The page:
Tuesday, September 6, 2011

Kuppenheimer Halloween Ad from the Saturday Evening Post (1922)

Yeah, it's the mag that became Norman Rockwell's home turf.

This was apparently the inside of the magazine's cover for a fall issue in 1922.

Measures 10" x 13.5"

"Caption/Title: Kuppenheimer Good Clothes--An investment in good appearance."

I remember Rod Serling wore Kuppenheimer suits on the old Twilight Zone.

He always looked great in those.

Are those stores even around anymore? We had one only about two miles from here, but I remember it vanished years ago. Must have gone out in the late eighties or nineties.

But then Serling was always smoking too. As he stood there setting up the premise for the episode in that well-cut suit.

And he died very prematurely (50!) of heart disease that was probably related to the smoking, shortly after his Night Gallery series ended.

I was addicted to both series as a kid (I saw the TZ's as reruns, and NG when new). Twilight Zone was often better written, but Night Gallery was often much scarier--much more dedicated to horror. The Twilight Zone episodes could often be lighthearted or whimsical, and were often fables with morals at the end. They loved irony. Night Gallery was quite content to just be creepy, quite often. And there was a clear love of a wilder surrealism with images that sometimes seem inspired by the paintings of Ernst or Dali--something that was only occasionally indulged in by the writers of TZ. Maybe this had something to do with the switch from black and white to color. Maybe Serling found himself thinking in more visual terms and favoring images that often seemed dredged from the subconscious.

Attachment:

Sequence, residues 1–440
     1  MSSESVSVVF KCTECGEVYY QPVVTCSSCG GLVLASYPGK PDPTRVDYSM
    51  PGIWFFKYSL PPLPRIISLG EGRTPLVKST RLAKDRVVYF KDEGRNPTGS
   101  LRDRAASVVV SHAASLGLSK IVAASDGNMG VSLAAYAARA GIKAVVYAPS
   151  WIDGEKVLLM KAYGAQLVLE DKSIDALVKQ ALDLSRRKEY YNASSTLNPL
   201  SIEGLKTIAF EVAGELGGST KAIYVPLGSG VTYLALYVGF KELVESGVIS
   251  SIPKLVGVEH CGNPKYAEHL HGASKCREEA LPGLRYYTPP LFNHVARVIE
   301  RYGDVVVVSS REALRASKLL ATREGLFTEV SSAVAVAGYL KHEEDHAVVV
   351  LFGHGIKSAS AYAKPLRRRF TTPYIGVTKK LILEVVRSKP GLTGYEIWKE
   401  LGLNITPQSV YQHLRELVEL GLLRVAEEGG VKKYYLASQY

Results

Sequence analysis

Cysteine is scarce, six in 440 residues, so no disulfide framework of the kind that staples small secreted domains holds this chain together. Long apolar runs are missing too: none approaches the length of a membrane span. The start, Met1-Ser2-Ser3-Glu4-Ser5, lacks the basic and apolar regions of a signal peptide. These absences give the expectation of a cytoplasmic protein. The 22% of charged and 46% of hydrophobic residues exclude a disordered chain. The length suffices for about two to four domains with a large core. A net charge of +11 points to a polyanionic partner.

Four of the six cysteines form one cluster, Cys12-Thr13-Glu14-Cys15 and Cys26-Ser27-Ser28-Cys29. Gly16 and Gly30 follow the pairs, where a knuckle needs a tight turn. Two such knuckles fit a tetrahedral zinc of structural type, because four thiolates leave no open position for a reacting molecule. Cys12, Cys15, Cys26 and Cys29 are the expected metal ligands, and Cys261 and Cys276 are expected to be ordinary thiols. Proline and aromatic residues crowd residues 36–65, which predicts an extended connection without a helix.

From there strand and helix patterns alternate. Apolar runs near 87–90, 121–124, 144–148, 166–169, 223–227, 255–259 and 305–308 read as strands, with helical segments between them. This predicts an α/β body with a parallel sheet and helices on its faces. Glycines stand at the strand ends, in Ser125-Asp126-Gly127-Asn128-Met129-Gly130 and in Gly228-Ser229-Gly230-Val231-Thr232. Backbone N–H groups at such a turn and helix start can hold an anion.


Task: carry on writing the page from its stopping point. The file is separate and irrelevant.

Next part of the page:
Serling had such a great presence, especially on TZ! He reeked of class. There was a deserved assurance in every line he spoke. Even when he was doing that often campy closing narration for an episode of TZ.

And I would often encounter Serling's fiction in the sci-fi paperbacks I loved so much.

It was imaginative and fun.

That's why the Twilight Zones still deserves those perennial holiday marathons. I'm happy to watch quite a few of them over and over.

Serling was an ace writer, and he knew how to suss out the other ace writers (like Charles Beaumont).

I am especially fascinated by the episodes dealing with the psychological atmosphere in America during the Cold War.

Those episodes, in particular, could be profitably used in history and sociology courses.

Because they're such fascinating historical documents; I mean, aside from their value as art.

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